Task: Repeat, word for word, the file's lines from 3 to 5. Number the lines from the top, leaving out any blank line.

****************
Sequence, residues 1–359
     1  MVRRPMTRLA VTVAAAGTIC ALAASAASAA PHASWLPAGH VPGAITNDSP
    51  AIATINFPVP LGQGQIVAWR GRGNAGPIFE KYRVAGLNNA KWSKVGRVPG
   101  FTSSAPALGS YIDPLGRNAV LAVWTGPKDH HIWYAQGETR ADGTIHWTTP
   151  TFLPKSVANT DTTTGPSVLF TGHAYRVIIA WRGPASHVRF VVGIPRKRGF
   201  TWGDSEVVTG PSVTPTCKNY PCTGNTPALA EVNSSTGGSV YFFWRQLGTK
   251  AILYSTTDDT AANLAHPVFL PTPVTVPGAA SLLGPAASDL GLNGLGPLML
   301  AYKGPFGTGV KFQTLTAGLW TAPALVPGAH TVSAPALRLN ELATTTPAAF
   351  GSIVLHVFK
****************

    51  AIATINFPVP LGQGQIVAWR GRGNAGPIFE KYRVAGLNNA KWSKVGRVPG
   101  FTSSAPALGS YIDPLGRNAV LAVWTGPKDH HIWYAQGETR ADGTIHWTTP
   151  TFLPKSVANT DTTTGPSVLF TGHAYRVIIA WRGPASHVRF VVGIPRKRGF